Estimating future CHD mortality with enhanced risk factor reductions

(a) Reductions in smoking and physical inactivity.

Using regression coefficients from the literature a population attributable risk fraction (PARF) approach was used to determine the number of deaths prevented or postponed (DPPs) in 2030 resulting from alternative improved future smoking and physical activity levels. [13,14] The PARF was calculated conventionally for 2010 and 2030 as (P x (RR-1)) / (1+P x (RR-1)) where P is the prevalence of the risk factor and RR is the relative risk for CHD mortality associated with the individual risk factor “Example A in S1 Appendix” The number of deaths prevented was calculated as the number of deaths in 2030 multiplied by the decrease in PARF between 2010 and 2030.

(b) Reductions in cholesterol and systolic blood pressure.

The effect of saturated fat intake on serum cholesterol levels were estimated using the Clarke equations [12] to translate a change in saturated fat intake into a change in total cholesterol levels, assuming iso-caloric replacement with polyunsaturated and mono-saturated fats (assuming that each 1% absolute reduction in energy from saturated fat was replaced by 0.1% energy from mono- and 0.9 energy from poly-unsaturated fats). The differential effect of salt reduction in the diet to 2030 on systolic blood pressure in hypertensive and normotensive persons was taken from a large meta-analysis. [11] Conventional IMPACT methodology was then used to translate the change in systolic blood pressure levels into mortality reductions “Table D in S1 Appendix”. The updated IMPACT model is shown in Fig 1.

For all risk factor scenarios under consideration, separate calculations for projected CHD deaths in 2030 were undertaken based on two contrasting mortality scenarios, a) a lower mortality assumption and b) conservatively assuming ‘no mortality change’ (not shown).

Cumulative benefit of multiple risk factor changes

As CHD deaths are usually caused by multiple risk factors acting together, mortality benefits from risk factor reductions occurring simultaneously were estimated using the cumulative risk-reduction approach. [13] This assumes a less than additive effect of multiple risk factor changes occurring simultaneously.

Estimating reductions in CHD deaths in 2030

Both ideal (scenario 1) and modest (scenario 2) risk factor improvements were modelled. The ideal scenarios, although more challenging, are feasible as they have been achieved in other countries. [710]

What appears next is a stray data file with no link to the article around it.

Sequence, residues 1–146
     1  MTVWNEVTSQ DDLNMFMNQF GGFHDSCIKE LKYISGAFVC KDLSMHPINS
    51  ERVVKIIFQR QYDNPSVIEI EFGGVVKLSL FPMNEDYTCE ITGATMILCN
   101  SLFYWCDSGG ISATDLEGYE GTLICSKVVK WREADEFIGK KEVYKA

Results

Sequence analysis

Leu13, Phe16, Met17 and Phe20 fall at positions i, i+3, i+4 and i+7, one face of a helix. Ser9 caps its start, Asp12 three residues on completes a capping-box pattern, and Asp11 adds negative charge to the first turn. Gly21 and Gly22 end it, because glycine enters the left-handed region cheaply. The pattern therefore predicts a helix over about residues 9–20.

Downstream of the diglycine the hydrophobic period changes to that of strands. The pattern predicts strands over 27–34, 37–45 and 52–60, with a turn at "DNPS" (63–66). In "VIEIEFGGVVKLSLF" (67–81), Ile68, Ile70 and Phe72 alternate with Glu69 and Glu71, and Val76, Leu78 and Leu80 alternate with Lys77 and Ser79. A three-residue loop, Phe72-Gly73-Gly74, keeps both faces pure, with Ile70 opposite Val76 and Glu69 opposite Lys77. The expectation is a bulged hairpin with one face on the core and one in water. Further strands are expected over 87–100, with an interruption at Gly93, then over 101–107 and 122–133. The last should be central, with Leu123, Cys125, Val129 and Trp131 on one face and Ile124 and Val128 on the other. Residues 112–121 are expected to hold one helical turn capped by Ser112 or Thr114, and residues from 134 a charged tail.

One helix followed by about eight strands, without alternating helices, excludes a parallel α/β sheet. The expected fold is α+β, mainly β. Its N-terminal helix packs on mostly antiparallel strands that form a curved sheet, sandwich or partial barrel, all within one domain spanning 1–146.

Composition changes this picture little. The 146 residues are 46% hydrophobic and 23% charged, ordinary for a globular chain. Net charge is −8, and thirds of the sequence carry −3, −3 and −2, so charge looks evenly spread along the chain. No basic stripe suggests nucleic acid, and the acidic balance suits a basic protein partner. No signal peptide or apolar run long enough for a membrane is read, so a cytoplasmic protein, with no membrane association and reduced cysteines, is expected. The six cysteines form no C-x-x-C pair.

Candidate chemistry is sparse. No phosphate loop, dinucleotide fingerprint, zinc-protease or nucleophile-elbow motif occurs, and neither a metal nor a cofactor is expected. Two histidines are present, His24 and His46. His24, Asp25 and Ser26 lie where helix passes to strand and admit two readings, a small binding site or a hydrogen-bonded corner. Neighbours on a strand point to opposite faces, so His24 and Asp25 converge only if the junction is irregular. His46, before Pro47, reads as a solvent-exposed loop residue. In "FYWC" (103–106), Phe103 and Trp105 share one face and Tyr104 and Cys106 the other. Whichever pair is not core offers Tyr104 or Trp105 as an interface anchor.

Scenario 1 –‘Ideal’ improvements in risk factors by 2030

  1. absolute smoking prevalence to reduce by 15%,
  2. absolute physical inactivity rates to reduce by 15%,
  3. relative decreases in dietary salt intake of up to 30% and
  4. decreases in dietary saturated fat intake of up to 6% (absolute decreases in percentage energy intake from saturated fats, replaced by unsaturated fats).

Scenario 2- ‘Modest’ improvements in risk factors by 2030

  1. absolute smoking prevalence to reduce by 5%
  2. absolute physical inactivity rates to reduce by 5%
  3. relative decreases in dietary salt intake of up to 10% and
  4. decreases in dietary saturated fat of up to 2% (absolute decreases in percentage energy intake from saturated fats, replaced by unsaturated fats).

Extrapolation of estimates to British Isles Population

Estimated reductions in future CHD deaths for all countries in the British Isles to 2030 were simply calculated for the combined reduction of the four risk factors under consideration. Scottish projections were extrapolated to estimate deaths prevented for the populations of England and Wales.

Sensitivity analyses

Uncertainty in modelling estimates was quantified by running an iterative Monte Carlo simulation using R software (R Core Team (2014). R: A language and environment for statistical computing. R Foundation for Statistical Computing, Vienna, Austria. URL http://www.R-project.org/). The model was repeated 10,000 times, using random numbers drawn from specific distributions as model input values. We calculated the uncertainty intervals based on 10,000 draws taking the 95% uncertainty intervals as the 2.5th and 97.5th percentiles. Input variables taken from external sources (e.g. beta coefficients and relative risk reductions) were randomly drawn from specified distributions. The distributions used for the main input parameters are detailed in “Table L in S1 Appendix”.